Enjoy this wonderful version of the timeless classic, Heidi, at the Kansas City FilmFest sponsored by Embassy of Switzerland in the United States of America and Kansas City’s own Andre’s Confiserie Suisse.
With some 50 million copies in print, Johanna Spyri’s Heidi is probably the biggest Swiss bestseller of all time. So it’s not a surprise there have been many film adaptations, ranging from a 1937 Shirley Temple vehicle to countless other live-action and animated incarnations, including several Japanese anime films and even a Hanna-Barbera-produced feature. The latest to join the ranks, directed by Zurich-born director Alain Gsponer, is a live-action, German-language feature that’s simply titled Heidi as well.
Gsponer’s incarnation, written for the screen by Italo-Swiss screenwriter Petra Biondina Volpe,follows the basic structure of the 1881 novel as it follows 5-year-old orphan and curly brunette Heidi (cute yet down-to-earth Anuk Steffen, actually 10 when the film was shot). She’s shipped off by her stern aunt, Dete (Anna Schinz), to her grumpy, don’t-waste-any-words grandfather (Ganz), who lives alone in a small cabin high up in the Swiss Alps. To say he’s not pleased to see his solitary routine in the tranquil mountain air upset by a curious little girl who needs looking after is an understatement. But even for those who’ve not read the book, it shouldn’t come as a surprise that the winsome little girl will soon manage to melt Granddad’s icy little Alpine heart.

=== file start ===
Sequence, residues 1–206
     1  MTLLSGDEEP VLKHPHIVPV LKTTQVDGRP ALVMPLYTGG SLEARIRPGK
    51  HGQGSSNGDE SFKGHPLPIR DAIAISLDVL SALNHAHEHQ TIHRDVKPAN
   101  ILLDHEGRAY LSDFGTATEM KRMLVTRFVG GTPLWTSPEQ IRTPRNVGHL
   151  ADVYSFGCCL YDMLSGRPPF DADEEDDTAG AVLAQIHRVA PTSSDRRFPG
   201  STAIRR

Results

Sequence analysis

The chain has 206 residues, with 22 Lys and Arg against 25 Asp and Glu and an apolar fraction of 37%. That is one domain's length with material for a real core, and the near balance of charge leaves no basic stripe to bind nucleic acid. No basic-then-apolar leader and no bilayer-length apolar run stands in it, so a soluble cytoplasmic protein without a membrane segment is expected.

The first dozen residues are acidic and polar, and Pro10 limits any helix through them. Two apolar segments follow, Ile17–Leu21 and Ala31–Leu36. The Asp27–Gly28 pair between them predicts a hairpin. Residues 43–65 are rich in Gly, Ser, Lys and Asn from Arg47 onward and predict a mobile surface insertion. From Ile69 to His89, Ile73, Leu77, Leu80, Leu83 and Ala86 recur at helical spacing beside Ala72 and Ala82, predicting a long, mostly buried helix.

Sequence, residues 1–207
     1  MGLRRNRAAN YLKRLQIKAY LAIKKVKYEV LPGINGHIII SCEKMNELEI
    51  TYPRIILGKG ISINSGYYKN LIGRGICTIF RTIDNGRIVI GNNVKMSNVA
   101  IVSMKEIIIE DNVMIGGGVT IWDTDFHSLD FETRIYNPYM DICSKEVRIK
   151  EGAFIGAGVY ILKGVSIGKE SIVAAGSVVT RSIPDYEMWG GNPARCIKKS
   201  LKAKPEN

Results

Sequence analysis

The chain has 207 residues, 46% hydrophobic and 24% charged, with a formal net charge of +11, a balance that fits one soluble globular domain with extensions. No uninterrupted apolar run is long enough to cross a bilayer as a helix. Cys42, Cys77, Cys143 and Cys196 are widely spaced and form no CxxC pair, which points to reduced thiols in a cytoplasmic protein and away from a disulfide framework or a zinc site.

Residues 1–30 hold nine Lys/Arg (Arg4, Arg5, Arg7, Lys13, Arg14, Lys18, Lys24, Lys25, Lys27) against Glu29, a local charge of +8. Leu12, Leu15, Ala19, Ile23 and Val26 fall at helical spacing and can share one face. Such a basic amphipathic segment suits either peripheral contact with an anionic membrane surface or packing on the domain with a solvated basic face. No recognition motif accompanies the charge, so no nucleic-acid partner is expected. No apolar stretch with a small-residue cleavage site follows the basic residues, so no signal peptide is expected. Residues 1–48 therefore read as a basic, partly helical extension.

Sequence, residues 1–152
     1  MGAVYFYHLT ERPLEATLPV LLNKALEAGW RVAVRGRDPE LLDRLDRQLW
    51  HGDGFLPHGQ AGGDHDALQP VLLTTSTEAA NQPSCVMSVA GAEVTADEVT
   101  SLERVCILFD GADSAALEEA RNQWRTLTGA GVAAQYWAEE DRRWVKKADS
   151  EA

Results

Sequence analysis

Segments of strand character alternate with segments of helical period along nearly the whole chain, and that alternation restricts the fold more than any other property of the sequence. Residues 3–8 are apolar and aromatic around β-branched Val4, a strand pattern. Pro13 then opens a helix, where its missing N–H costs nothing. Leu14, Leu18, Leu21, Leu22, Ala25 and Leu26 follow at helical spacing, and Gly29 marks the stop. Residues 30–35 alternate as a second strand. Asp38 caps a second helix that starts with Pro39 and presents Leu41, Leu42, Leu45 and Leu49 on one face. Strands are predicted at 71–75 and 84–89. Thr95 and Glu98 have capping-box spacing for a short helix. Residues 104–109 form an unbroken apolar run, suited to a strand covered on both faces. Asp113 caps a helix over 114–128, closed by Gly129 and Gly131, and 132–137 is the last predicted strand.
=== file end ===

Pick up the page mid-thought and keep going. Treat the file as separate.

Yet, Heidi is whisked off again to worldly Frankfurt, where her aunt Dete has found her a place in a very chic household as a companion to a wheelchair-bound child, Klara (Isabelle Ottmann), who doesn’t get out much. As in the novel, the pic plays Heidi’s initial fish-out-of-the-water situation for comedy, since, as a rough-and-tumble county girl, she has no idea about things as basic as cutlery or clean clothes. Heidi’s appealing nature and good heart wins over everyone in Klara’s household though Heidi becomes homesick for the mountains and her grandfather. As in other adaptions of the story, a happy ending will prevail.
– Adapted From the Hollywood Reporter
For director Alain Gsponer it is a “A story about breaking away from the confinement and constrictions that one is forced into and about the search for a place that one can develop in is timeless in my eyes. How often are people forced into a place where they don’t want to be, determined by other people and social regulations? That is always relevant.”
“Bruno Ganz (Grandfather) also has an explanation for the timelessness of the material: “Johanna Spyri hit upon a few central points in ‘Heidi’ that clearly move people in very different parts of the world. It is basically the search for a home, an identity, or to put it in a more modern way, the search for a place where you can be yourself and where you like to be, a place where you can find fulfilment.”
– Daniel Dercksen, The Writing Studio